Tuvalu

Tuvalu is an island nation in the Pacific Ocean. With the exception of Vatican City, it is the independent nation with the fewest inhabitants. Due to their low elevation, the islands that make up this nation are threatened by any future sea level rise.

Tuvalu
(In Detail) (Full size)
National motto: Tuvalu mo te Atua (Tuvaluan: "Tuvalu for the Almighty")
Official languages Tuvaluan, English
Capital Funafuti
QueenElizabeth II
Prime ministerSaufatu Sopoanga
Area
 - Total
 - % water
Ranked 191st
26 kmē
Negligible
Population
 - Total (Year)
 - Density
Ranked 190th
10,991
423/kmē
IndependenceOctober 1, 1978
Currency Tuvaluan dollar
Time zone UTC +12
National anthem Tuvalu mo te Atua
Internet TLD.TV
Calling Code688

Table of contents
1 History
2 Politics
3 Islands
4 Geography
5 Economy
6 Demographics
7 Culture
8 Miscellaneous topics
9 External links

History

Main article: History of Tuvalu

Tuvalu, inhabited since the beginning of the first millennium BC, was first visited by Europeans in 1568, with the arrival of Alvaro de Mendana y Neyra from Spain. Although no settlements were established, slave traders and whalers came to the islands infrequently. In 1892, the islands became part of the British protectorate of the Gilbert and Ellice Islands, with Tuvalu being called the Ellice Islands. The protectorate became a colony in 1915.

In 1974, ethnic differences within the colony caused the Polynesians of the Ellice Islands to vote for separation from the Micronesians of the Gilbert Islands (later Kiribati). The following year, the Ellice Islands became the separate British colony of Tuvalu. Independence was granted in 1978.

Politics

Main article: Politics of Tuvalu

Tuvalu is a constitutional monarchy within the British Commonwealth, with Queen Elizabeth II as the head of state. She is represented in Tuvalu by a Governor-General, who is appointed upon the advice of the prime minister.

The local parliament, or Fale I Fono has 12 members and is chosen every 4 years. Its members elect a prime minister, who is the head of government.

Islands

Main article: Islands of Tuvalu

Although Tuvalu technically has no administrative subdivisions - its population is too small - the country can be divided into 9 islands, or rather atolls. Originally, only eight of these islands were inhabited, hence the name Tuvalu, which means "eight islands" in Tuvaluan language. The nine islands are:

  • Funafuti
  • Nanumea
  • Nanumaga
  • Niutao
  • Nui
  • Niulakita
  • Nukufetau
  • Nukulaelae
  • Vaitupu

Geography

Main article:
Geography of Tuvalu

Being one of the smallest countries in the world, Tuvalu also has very poor lands. There is almost no potable water, and the soil is hardly usable for agriculture.

In 2001, Tuvalu's government announced that the islands, whose highest point is 5 m above sea level, may need to be evacuated in the event of rising sea levels. New Zealand has agreed to accept an annual quota of evacuees, while Australia has refused the Tuvaluans' petitions, presumably based on that country's rejection of the underlying basis of the Kyoto Protocol.

Economy

Main article: Economy of Tuvalu

Tuvalu has almost no natural resources, and its main form of income consists of foreign aid. Main industries are fishing and tourism, even though due to the remote location of the islands only a small number of tourists arrive annually.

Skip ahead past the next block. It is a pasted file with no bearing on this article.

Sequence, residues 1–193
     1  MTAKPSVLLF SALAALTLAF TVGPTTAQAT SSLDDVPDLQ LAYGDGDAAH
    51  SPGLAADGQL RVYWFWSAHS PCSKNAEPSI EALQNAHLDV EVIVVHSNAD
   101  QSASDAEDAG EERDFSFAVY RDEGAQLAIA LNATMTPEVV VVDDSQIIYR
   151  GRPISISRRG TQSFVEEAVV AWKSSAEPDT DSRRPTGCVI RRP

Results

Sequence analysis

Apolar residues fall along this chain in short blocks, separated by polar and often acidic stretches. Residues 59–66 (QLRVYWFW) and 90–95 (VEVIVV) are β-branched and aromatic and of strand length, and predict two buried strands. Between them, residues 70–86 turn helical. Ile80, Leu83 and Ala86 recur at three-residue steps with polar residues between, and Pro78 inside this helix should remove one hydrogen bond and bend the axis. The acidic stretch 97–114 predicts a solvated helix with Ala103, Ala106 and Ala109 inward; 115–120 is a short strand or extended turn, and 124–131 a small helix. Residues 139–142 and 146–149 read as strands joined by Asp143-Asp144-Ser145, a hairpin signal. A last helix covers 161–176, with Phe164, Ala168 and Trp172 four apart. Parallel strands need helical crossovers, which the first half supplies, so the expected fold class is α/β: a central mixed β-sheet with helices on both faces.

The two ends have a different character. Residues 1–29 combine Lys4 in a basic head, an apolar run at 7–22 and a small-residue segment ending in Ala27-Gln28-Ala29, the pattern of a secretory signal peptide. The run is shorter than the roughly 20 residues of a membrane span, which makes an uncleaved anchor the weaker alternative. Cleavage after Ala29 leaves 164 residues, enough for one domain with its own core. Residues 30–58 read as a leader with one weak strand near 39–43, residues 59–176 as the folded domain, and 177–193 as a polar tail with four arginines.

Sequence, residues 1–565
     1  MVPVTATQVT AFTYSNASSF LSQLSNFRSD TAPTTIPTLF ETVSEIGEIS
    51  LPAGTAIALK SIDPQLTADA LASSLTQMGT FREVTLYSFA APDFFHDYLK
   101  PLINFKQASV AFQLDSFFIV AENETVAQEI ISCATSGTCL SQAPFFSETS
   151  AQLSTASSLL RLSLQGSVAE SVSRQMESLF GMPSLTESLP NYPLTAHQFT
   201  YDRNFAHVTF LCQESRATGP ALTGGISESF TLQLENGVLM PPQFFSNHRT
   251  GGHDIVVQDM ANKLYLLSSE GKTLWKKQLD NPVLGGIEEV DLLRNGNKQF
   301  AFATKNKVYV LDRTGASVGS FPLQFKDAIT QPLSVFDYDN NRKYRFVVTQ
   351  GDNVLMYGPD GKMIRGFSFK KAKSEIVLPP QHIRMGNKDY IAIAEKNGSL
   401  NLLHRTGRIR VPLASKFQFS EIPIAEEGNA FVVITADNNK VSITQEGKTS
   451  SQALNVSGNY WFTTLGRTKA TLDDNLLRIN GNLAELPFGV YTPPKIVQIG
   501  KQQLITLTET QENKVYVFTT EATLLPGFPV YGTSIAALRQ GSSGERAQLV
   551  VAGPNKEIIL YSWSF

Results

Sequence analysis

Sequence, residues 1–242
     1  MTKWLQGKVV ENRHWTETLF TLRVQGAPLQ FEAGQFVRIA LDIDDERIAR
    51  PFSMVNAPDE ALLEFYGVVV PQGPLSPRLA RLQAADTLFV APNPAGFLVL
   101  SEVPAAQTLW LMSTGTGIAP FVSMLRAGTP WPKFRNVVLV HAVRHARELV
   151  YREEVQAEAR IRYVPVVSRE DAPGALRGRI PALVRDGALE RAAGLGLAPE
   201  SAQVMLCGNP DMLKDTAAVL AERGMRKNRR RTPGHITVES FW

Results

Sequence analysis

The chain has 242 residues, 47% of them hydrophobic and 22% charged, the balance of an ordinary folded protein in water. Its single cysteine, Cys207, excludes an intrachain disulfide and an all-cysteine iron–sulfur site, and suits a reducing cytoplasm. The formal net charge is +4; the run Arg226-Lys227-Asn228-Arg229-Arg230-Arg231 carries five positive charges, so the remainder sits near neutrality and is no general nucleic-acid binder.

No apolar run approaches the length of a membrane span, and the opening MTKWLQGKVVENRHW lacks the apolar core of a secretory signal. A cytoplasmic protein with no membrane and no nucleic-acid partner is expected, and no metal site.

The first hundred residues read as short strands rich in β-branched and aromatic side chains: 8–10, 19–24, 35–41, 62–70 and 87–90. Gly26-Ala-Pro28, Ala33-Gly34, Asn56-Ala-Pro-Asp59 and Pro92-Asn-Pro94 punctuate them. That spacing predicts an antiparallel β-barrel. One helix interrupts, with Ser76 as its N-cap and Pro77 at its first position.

Government revenues largely come from the sale of stamps and coins and worker remittances. About 1,000 Tuvaluans work in Nauru in the phosphate mining industry. Nauru has begun repatriating Tuvaluans, however, as phosphate resources decline. Substantial income is received annually from an international trust fund established in 1987 by Australia, New Zealand, and the United Kingdom and supported also by Japan and South Korea. Thanks to wise investments and conservative withdrawals, this Fund has grown from an initial $17 million to over $35 million in 1999. The US government is also a major revenue source for Tuvalu, with 1999 payments from a 1988 treaty on fisheries at about $9 million, a total which is expected to rise annually. In an effort to reduce its dependence on foreign aid, the government is pursuing public sector reforms, including privatization of some government functions and personnel cuts of up to 7%.

In 1998, Tuvalu began deriving revenue from use of its area code for "900" lines and from the sale of its ".tv" Internet domain name. In 2000, Tuvalu negotiated a contract leasing its Internet domain name ".tv" for $50 million in royalties over the next dozen years. Royalites from these new technology sources could raise GDP three or more times over the next decade. Low-lying Tuvalu is particularly vulnerable to any rise in the sea level from future global warming.

The Tuvalu dollar, the local currency, is coupled to the Australian dollar.

Demographics

Main article: Demographics of Tuvalu

The small population of Tuvalu is almost entirely of Polynesian ethnicity. About 97% of the Tuvaluans is a member of the Church of Tuvalu, a Protestant Christian church. The religion has been mixed with some elements of the indigenous religions.

The Tuvaluan language is spoken by virtually everybody, while I-Kiribati is spoken by some people on Nui. English is also an official language, but is not spoken in daily use.

Culture

Main article: Culture of Tuvalu

The traditional community system still to a large extent still survives on Tuvalu. Each family has its own task, or salanga, to perform for the community, such as fishing, house building or defence. The skills of a family are passed on from father to son.

  • Music of Tuvalu

Miscellaneous topics

External links


Countries of the world  |  Oceania


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